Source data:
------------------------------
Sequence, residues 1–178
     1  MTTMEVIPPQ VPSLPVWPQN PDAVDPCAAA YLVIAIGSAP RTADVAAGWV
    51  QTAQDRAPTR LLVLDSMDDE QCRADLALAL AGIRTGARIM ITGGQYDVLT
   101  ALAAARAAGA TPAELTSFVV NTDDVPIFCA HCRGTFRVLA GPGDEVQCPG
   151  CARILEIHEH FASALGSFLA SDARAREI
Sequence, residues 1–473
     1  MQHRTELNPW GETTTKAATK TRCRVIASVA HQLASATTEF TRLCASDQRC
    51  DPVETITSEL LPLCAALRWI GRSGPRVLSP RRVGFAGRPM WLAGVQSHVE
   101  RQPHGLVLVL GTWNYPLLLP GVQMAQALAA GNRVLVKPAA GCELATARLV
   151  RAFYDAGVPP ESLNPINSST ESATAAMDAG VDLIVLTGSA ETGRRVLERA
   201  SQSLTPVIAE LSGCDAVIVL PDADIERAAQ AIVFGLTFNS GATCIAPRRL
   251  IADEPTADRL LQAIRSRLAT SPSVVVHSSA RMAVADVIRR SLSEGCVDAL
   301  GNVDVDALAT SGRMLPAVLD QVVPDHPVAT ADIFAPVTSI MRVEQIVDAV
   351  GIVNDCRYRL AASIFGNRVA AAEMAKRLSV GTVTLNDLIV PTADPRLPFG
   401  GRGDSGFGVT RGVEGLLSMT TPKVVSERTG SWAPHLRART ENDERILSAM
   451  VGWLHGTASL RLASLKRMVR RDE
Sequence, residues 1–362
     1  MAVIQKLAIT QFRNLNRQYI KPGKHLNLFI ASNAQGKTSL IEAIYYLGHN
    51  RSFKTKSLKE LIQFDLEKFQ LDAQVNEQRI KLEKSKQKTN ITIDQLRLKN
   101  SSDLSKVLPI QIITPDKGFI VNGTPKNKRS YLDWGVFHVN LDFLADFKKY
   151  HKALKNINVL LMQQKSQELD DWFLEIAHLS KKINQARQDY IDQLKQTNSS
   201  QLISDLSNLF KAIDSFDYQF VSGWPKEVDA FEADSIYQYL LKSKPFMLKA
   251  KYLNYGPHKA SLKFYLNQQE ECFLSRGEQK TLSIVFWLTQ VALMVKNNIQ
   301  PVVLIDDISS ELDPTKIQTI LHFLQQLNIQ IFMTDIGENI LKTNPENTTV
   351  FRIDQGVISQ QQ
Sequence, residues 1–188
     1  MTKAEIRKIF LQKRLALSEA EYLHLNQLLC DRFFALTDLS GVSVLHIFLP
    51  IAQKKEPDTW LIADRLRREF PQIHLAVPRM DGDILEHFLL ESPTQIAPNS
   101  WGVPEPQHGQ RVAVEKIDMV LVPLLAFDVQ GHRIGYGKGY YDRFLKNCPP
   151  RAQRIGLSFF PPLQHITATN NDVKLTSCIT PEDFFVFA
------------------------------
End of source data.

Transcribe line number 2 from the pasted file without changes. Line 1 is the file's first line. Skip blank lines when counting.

     1  MTTMEVIPPQ VPSLPVWPQN PDAVDPCAAA YLVIAIGSAP RTADVAAGWV